In 1788, the Articles of Confederation were superseded by the ratification of a new United States Constitution. Significantly, this Constitution did not establish religion, something no government had ever done in the past.

In 1791, the Bill of Rights was adopted as the first 10 Amendments to the Constitution (The First Amendment reads in part: "Congress shall make no law respecting an establishment of religion, or prohibiting the free exercise thereof...").

In 1797 the Treaty of Tripoli was ratified (Article 11 of the Treaty reads in part: "...the Government of the United States of America is not, in any sense, founded on the Christian religion..."). Article VI, Sect.2 of the Constitution states that "all treaties made, or which shall be made, under the authority of the United States, shall be the supreme law of the land." The Treaty was ratified unanimously and the full text was published in The Philadelphia Gazette on June 17th, 1797, without any record of any public objection.

In 1868, the Fourteenth Amendment was adopted. It made the Bill of Rights applicable to the states.

For more information, visit the following links:

The U.S. Constitution - transcript

The Bill of Rights - transcript

Treaty of Tripoli - transcript (see Article 11)

Treaty of Tripoli

Little-Known U.S. Document Signed by President Adams Proclaims America's Government Is Secular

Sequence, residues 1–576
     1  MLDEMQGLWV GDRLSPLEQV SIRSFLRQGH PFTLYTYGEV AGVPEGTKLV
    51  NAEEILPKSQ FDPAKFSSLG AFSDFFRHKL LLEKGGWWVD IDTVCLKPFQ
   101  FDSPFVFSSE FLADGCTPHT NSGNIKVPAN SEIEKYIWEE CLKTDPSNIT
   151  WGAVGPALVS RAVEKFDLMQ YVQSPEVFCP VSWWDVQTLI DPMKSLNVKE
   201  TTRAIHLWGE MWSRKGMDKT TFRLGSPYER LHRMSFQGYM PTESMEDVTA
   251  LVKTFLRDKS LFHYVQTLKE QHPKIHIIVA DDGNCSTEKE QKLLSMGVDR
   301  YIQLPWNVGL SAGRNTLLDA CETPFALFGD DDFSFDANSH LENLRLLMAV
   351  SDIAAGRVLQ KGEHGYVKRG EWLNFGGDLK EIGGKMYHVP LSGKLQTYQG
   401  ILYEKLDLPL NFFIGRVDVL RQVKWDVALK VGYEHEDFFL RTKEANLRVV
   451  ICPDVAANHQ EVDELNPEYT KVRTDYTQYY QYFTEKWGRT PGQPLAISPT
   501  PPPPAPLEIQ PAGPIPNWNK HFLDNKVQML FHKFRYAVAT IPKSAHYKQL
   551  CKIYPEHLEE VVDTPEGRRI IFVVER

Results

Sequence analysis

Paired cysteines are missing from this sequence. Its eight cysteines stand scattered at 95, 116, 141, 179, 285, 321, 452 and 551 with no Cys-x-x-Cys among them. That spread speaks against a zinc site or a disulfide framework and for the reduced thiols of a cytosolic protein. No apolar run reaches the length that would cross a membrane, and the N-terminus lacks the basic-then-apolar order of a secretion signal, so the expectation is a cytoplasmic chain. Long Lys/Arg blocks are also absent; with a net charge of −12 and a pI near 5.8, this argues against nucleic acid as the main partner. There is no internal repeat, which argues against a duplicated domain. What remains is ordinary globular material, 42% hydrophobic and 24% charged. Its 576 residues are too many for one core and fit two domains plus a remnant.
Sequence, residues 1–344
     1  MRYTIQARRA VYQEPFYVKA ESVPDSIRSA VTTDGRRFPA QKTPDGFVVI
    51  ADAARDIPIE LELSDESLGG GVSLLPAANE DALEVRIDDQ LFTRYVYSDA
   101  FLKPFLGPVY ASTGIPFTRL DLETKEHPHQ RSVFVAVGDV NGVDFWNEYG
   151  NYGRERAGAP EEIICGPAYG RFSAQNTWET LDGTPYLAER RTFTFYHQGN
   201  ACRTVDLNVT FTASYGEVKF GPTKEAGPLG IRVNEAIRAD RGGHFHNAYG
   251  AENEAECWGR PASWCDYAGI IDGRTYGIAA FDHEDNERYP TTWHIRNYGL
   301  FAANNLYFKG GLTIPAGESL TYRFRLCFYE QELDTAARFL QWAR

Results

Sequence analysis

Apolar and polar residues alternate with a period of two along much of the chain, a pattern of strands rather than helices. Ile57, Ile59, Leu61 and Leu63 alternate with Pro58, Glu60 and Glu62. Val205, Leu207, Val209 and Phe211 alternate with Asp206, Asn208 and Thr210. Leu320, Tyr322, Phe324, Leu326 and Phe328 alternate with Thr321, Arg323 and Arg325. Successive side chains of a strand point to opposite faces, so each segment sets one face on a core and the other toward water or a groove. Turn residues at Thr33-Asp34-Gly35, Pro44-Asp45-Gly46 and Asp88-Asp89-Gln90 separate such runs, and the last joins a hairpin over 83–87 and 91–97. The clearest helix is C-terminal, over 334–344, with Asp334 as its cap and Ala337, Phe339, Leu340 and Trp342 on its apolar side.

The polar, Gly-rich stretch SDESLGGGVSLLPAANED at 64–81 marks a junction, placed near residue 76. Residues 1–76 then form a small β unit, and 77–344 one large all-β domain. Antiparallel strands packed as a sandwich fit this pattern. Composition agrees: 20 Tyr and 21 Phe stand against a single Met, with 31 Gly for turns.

Separation of Church and State

Overview:

Thomas Jefferson, author of the Declaration of Independence and the Bill for Establishing Religious Freedom in Virginia (which the First Amendment is partially based), wrote that the First Amendment erected a "wall of separation between church and state."

Later, quoting himself from an earlier letter, he would write:

"Because religious belief, or non-belief, is such an important part of every person's life, freedom of religion affects every individual. State churches that use government power to support themselves and force their views on persons of other faiths undermine all our civil rights. Moreover, state support of the church tends to make the clergy unresponsive to the people and leads to corruption within religion. Erecting the 'wall of separation between church and state,' therefore, is absolutely essential in a free society."

James Madison, sometimes called the "Father of the Constitution," explained that by doing this they hoped to "keep forever from these shores the ceaseless strife that has soaked the soil of Europe in blood for centuries."

Madison, who was also primarily responsible for pushing the Bill of Rights through Congress, expressed his interpretation of the First Amendment as a "perfect" separation - between Church and State, commenting that: "The civil government ... functions with complete success ... by the total separation of the Church from the State," and "I have no doubt that every new example will succeed, as every past one has done, in shewing that religion & Govt will both exist in greater purity, the less they are mixed together."

It was Madison who also warned:

"Strongly guarded as is the separation between Religion and Government in the Constitution of the United States, the danger of encroachment by Ecclesiastical Bodies, may be illustrated by precedents already furnished in their short history."

He was evidently right to be worried.

For more information, visit the following links:

The Separation of Church and State - introduction

U.S. Supreme Court Decisions

Is America a Christian Nation?

Quotations that Support the Separation of State and Church

James Madison on Separation of Church and State

Church-State Separation - Issues

Church-State Separation - Other Historical Documents

Americans United for the Separation of Church & State